Thomas Jefferson Papers

To Thomas Jefferson from James Innes, 10 June 1780

From James Innes

Richmond June 10th 1780


I this morning arrived in Town from Williamsburgh charged with some dispatches for your Excellency, which I herewith transmit you.

On my arrival, I was astonished to be informed, that a Report had been industriously handed to you, of intentions in me, to impeach your Excellency before the general assembly, of illegal conduct relative to the palace furniture. I would fain flatter myself, that your knowledge of me, will not permit you hastily to harbour suspicions so injurious to my character. Had Instructions to that purport been laid upon me, by my Constituents, or had such an insane measure been the spontaneous production of my own Brain, I should surely have been called upon by every Tie of Honor, and fair Dealing, to have candidly apprized your Excellency thereof. But I am happy that, I stand in neither of those predicaments. I declare to the eternal God that this Report, which I suppose some busy go between has communicated to you, is foundationless and void of truth. If I know my own Heart, there is no man upon earth would more heartily oppose, than I would, the measure alluded to, which would inevitably tend to excite bitter animosities, tarnish the Dignity of Government, and expose the Character of a fellow Citizen (whom I have ever thought meritoriously exalted) to Cowardly and Envious attacks, without affording him the Opportunity of Exsculpation.

That I have, among others, censured some principles of your administration, I will not hesitate Candidly to Confess to you. As the Citizen of a free State, I thought myself at liberty to express my sentiments, of the Conduct of those magistrates into whose Hands are committed the Reins of Government. I deemed the Dismantling the Forts and the Removal of so great a proportion of military stores from the Eastern Frontier impolitic, because it not only rendered the exposed Country incapable of defending itself, until it might be succourd, but because too, it made a very evil Impression on the minds of the people below, and induced them to believe, they were consigned to a State of dereliction. I spoke of this measure, as the act of the Executive collectively, and did support a motion in the House of Delegates that your Excellency might be advized to adopt a System, which I thought (and the major part of the House concurred with me) a Salutary one.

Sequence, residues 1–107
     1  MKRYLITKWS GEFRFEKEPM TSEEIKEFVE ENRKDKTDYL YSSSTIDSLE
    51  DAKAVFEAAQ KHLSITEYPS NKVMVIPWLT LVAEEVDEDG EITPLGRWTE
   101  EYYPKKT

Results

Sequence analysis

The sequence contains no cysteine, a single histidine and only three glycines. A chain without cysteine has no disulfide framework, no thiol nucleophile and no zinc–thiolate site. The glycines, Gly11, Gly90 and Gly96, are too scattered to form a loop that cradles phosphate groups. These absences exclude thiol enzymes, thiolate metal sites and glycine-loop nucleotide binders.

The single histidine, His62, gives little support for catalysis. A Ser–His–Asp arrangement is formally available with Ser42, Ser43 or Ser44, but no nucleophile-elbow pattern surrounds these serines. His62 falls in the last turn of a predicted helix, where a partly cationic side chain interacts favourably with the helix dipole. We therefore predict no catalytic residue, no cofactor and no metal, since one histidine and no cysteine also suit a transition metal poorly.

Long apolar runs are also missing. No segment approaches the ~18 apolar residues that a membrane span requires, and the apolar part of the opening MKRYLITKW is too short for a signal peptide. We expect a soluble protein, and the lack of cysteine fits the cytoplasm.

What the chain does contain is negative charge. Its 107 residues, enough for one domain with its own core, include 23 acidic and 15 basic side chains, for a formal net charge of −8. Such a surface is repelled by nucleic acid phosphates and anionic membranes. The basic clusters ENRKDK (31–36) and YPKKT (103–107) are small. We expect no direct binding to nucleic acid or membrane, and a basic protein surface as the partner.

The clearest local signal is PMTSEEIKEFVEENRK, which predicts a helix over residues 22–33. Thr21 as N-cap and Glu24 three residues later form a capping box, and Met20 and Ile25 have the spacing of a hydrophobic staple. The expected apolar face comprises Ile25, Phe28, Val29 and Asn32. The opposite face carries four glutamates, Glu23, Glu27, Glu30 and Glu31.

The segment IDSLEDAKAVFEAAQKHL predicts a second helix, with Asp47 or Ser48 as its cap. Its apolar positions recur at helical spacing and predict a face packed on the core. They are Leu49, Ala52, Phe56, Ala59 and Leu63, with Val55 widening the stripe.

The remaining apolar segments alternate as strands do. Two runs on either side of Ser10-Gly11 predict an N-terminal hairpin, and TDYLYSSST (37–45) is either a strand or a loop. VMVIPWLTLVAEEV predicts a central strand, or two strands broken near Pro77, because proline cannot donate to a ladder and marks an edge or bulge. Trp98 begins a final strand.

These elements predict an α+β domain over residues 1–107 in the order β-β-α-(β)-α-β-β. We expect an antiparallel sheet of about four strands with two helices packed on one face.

If either an involuntary warmth of temper, or excited feelings,have hurried me into Indiscretions, of which I am not at present sensible, I shall with pleasure when reminded of them, make the necessary Concessions. This is not the first time, I am apprehensive, that attempts have been made to foment Discord between us. I own I shall be unhappy if such machinations ever succeed. I know your attachment to the great cause of Liberty. I know your abilities, and repose a firm confidence in your virtues, my Respect for which a Difference of opinion shall never shake, tho? it may induce me to declare my sentiments, which I wish to be ever charitably construed.

I have the honor to remain with high Regard and Esteem yr Excellency’s obt. Sert.,

Jas Inn[es]

RC (DLC). Enclosures not identified.

Tj’s conduct relative to the palace furniture: Nothing further is known of this bit of gossip. A motion in the House of Delegates: This motion of censure, if it was such, has not been identified; early in the session Innes was appointed a member of a committee to form a plan of defense for the eastern frontier, and an Act was passed for this purpose near the end of the session in July, after long debate (JHD description begins Journal of the House of Delegates of the Commonwealth of Virginia (cited by session and date of publication) description ends , May 1780, 1827 edn., p. 6, 86; Hening, description begins William W. Hening, The Statutes at Large; Being a Collection of All the Laws of Virginia description ends x, 296–9). Discord between us: For a supposed earlier instance, see above, Innes to Mann Page, 27 Oct. 1779, and references there. TJ and Innes seem to have remained on excellent terms; see especially a letter to Innes, 13 Mch. 1791, urging him to run for Congress.

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